Research reproducibility is a common problem in preclinical behavioral science. Mice are an important animal model for studying human behavioral disorders. Experimenters, processing methods, and rearing environments are the main causes of data variability in behavioral neuroscience. It is likely that mice adapt their behavior according to the environment outside the breeding cage. We ... [Show full abstract] speculated that mice housed on elevated shelves and mice housed on low shelves might have differently altered anxiety‐like behavior toward heights.
The purpose of this study was to investigate potential behavioral changes in mice raised at different heights for 3 weeks. Changes in behavior were examined using various experimental tests.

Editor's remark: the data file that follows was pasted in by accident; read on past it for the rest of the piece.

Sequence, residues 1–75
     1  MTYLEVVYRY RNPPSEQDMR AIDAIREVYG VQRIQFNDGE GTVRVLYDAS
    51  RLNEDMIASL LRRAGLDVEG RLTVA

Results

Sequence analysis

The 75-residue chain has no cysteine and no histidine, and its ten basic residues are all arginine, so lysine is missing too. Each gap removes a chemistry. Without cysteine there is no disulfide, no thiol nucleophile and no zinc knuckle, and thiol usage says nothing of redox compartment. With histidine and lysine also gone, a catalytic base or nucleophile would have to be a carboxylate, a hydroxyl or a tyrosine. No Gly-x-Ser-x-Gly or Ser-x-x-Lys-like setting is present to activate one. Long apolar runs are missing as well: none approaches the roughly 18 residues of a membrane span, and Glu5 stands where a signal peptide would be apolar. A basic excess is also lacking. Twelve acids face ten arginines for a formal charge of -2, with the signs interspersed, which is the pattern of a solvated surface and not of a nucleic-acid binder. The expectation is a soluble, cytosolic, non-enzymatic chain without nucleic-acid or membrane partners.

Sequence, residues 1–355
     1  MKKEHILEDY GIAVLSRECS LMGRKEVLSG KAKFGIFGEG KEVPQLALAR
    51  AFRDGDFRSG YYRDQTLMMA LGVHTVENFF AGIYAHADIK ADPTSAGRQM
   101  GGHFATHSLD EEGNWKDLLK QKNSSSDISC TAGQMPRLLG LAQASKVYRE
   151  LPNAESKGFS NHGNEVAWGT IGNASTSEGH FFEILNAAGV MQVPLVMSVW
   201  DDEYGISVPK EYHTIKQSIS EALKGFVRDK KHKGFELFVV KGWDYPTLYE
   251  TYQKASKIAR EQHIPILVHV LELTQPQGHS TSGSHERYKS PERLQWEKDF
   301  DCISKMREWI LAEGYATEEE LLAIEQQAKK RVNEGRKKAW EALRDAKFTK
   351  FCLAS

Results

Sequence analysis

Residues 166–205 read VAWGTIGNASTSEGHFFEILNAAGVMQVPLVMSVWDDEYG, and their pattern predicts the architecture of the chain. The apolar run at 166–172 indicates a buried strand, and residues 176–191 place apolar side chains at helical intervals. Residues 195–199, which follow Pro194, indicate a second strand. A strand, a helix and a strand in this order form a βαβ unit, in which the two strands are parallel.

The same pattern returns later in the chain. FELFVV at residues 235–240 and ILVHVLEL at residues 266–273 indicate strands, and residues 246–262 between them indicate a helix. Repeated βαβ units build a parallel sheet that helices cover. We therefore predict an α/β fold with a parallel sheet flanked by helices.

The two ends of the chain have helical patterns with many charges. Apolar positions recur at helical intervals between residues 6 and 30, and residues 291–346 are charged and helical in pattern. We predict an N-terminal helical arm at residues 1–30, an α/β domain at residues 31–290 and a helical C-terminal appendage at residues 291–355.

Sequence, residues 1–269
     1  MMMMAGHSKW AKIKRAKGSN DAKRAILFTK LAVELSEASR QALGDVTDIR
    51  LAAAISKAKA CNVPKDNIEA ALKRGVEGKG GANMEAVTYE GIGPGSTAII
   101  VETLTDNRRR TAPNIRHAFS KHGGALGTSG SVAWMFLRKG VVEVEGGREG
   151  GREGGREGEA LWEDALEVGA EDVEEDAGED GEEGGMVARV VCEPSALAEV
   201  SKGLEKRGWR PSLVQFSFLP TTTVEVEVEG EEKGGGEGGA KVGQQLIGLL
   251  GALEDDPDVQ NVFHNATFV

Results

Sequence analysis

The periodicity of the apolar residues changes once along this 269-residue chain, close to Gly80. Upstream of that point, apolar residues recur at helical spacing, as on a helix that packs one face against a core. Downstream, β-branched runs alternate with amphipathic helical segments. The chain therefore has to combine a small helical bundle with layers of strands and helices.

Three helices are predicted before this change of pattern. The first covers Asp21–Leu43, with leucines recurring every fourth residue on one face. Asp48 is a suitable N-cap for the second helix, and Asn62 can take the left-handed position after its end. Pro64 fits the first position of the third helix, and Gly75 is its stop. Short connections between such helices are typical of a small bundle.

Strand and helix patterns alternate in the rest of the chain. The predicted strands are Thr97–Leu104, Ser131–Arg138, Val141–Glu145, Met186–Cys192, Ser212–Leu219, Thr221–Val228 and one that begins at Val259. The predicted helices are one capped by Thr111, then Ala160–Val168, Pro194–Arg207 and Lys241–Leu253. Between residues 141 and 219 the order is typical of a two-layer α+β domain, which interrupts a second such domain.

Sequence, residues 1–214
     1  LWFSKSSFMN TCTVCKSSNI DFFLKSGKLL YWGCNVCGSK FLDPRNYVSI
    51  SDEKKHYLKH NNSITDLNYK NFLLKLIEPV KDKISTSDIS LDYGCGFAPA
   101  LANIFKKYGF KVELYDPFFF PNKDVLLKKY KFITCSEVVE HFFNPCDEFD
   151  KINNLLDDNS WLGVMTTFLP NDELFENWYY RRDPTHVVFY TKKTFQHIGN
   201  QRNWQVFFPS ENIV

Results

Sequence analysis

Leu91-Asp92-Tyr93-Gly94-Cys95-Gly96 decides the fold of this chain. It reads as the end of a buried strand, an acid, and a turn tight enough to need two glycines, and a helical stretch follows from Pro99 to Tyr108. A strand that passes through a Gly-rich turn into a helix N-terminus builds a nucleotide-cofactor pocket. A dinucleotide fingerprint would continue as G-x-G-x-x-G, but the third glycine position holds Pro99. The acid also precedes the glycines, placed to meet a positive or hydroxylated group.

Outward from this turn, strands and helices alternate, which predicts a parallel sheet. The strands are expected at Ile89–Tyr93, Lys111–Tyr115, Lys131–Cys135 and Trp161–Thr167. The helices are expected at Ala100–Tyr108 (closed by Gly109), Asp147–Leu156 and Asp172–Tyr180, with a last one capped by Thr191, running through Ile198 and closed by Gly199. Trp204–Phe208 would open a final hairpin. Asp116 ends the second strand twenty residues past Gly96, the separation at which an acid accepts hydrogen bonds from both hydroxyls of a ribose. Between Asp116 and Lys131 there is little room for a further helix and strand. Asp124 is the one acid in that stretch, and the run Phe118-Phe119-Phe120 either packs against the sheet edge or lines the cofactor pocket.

Mice housed on elevated shelves showed reduced anxiety‐like behavior in a light/dark traffic test compared with mice housed on low shelves. There were no significant differences between the two groups in terms of activity, exploratory behavior, muscle strength, or depression‐like behavior.
Our results indicate that different cage heights and corresponding light exposure may alter the anxiety‐like behavior of mice in response to brightness. Researchers need to carefully control the cage height and light intensity experienced by the mice to produce reproducible test results.